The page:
God's Existence, Science and Faith, Suffering and Evil, Jesus' Resurrection, and Book Reviews

Is Heaven Eternal?

A couple months ago, I was asked to give some quick pointers on responding to a person's issues with the existence of eternal punishment in hell. The answers I provided scratch the surface, but seem good enough to post here because they might get someone thinking about the denial of eternal punishment from both a Scriptural position (for the Christian) and a philosophical position (for the non-Christian). The person who was challenging is not a Christian but is willing to accept that Scripture is the source for orthodox Christian belief. The interesting implication that I point out is what inspired the odd title of this post.

Here is the email that I sent (I've edited it a bit for clarification):

Book Review: The Making of an Atheist

Book Review: "The Making of an Atheist" by James Spiegel


The Making of an Atheist by James Spiegel is a short book on the non-rational reasons that people may have for rejecting the existence of God. It was of interest to me because it doesn't address intellectual reasons, but emotional reasons. The book talks about the psychology of atheists. The book is divided into five chapters and is a mere 128 pages, so it makes for a quick read.

Chapter 1: Atheistic Arguments, Errors, and Insights

In the first chapter Spiegel defines what he means when he uses the word "atheist". That being pretty much anyone who does not affirm the existence of God (this would include agnostics). He then discusses some of the reasons that atheists give for refusing to believe that God exists. He explains the moral argument against God, the hypocritical behavior of people within the Church, and answers both. He addresses other issues in the Church, such as intellectual laziness (which has lead to the charge of "god of the gaps" reasoning) and disunity over side issues. He concludes that the Church, itself, gave the atheists the ammunition against God; they just point out the problems. The Church needs to recognize the truth of what has been revealed and do something about it instead of ignoring it.

Book Review: The Word of God and the Mind of Man

Book Review: "The Word of God and the Mind of Man" by Christian philosopher Dr. Ronald Nash


The Word of God and the Mind of Man by Ronald Nash is a book about Christian epistemology (how we can know what we know). I've been intrigued by discussions of knowledge for quite some time. I was enjoying a philosophy lecture series by Dr. Nash, and while discussing epistemology, he mentioned this book. The book is divided into two parts consisting of a total of twelve chapters. In the first part, Nash provides a case against different religious epistemic systems of the past and present, while in the second part he provides a case for the Christian God being the epistemic foundation for human knowledge.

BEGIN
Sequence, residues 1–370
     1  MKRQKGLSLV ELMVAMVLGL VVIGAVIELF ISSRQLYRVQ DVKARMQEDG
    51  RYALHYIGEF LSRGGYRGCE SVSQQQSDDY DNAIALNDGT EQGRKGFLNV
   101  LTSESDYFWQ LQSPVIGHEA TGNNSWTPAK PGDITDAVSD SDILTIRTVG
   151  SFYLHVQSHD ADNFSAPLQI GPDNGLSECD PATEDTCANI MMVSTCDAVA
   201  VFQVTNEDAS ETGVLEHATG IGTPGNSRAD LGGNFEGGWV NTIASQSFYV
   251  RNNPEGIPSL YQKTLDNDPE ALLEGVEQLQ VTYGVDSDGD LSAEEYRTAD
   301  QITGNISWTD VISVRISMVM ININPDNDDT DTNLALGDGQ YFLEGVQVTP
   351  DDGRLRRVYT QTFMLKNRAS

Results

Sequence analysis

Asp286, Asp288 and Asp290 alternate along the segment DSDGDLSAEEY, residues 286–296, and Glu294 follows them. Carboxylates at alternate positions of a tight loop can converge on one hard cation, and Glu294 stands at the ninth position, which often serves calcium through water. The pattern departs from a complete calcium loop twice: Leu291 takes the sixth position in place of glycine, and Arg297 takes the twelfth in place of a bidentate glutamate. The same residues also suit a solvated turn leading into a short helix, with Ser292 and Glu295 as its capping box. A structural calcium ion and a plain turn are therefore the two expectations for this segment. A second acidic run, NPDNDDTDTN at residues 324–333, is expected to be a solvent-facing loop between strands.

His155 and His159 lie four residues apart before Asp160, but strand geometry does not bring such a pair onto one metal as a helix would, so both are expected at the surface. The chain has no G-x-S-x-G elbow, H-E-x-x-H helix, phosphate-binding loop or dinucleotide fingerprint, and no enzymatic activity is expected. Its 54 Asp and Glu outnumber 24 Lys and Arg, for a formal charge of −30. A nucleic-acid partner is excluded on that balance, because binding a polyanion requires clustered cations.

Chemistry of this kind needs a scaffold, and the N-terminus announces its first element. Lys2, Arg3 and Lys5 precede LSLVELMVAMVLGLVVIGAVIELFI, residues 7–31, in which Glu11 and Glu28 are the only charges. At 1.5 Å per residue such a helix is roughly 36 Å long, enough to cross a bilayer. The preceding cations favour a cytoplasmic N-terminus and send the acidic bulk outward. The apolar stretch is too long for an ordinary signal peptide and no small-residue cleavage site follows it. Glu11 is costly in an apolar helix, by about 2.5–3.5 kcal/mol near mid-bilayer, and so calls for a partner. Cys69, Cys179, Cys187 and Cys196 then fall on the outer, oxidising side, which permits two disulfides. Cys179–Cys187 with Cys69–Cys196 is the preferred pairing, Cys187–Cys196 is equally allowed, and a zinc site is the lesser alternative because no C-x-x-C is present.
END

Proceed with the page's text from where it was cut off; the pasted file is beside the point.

Chapter 1: Hume's Gap- Divorcing Faith and Knowledge

In Chapter 1 Nash clarifies some misconceptions about David Hume. He explained that Hume's epistemology was not based on an atheistic worldview, but one that held to man's inability to know metaphysical things with any level of certainty. Hume's argument against miracles, was not against miracles happening, but against man having any rational reason for believing that miracles happen. Nash explains that Hume believed that faith was indirectly related to the amount of thinking put into it. In other words, Hume promoted a completely blind faith. He explains that Hume's effect on Christianity (the split between faith and reason) was not from a direct attack on the truth of the worldview, but an attack that emphasized mystery rather than rationality or a balance of the two. Since it was not a direct attack on the truth of Christianity, Christians did not feel the need to defend against Hume's arguments.

Christians Consuming Questionable Media

So many movies and TV shows that promote worldviews that are not inline with Christianity (some blatantly anti-Christian) are coming out these days. I'm a big special effects guy. So any movie or show that will have lots of computer generated graphics tends to lure me. I love to see how accurately the effects are portraying reality. When I see the simulation of physics (movements) and electromagnitism (light) so close to the real world that its difficult to tell the difference, I get really excited. I love to see artistic talent used to imitate reality. I also like to see fictional worlds that contain phenomena that do not exist in reality. The level of design, talent, and time that I see behind this stuff leaves me in awe. I can't help but think of how the Christian worldview is really the only one that can explain the existence of something so arbitrary to survival as creativity, and how that creativity is evidence of the Image of God in every person.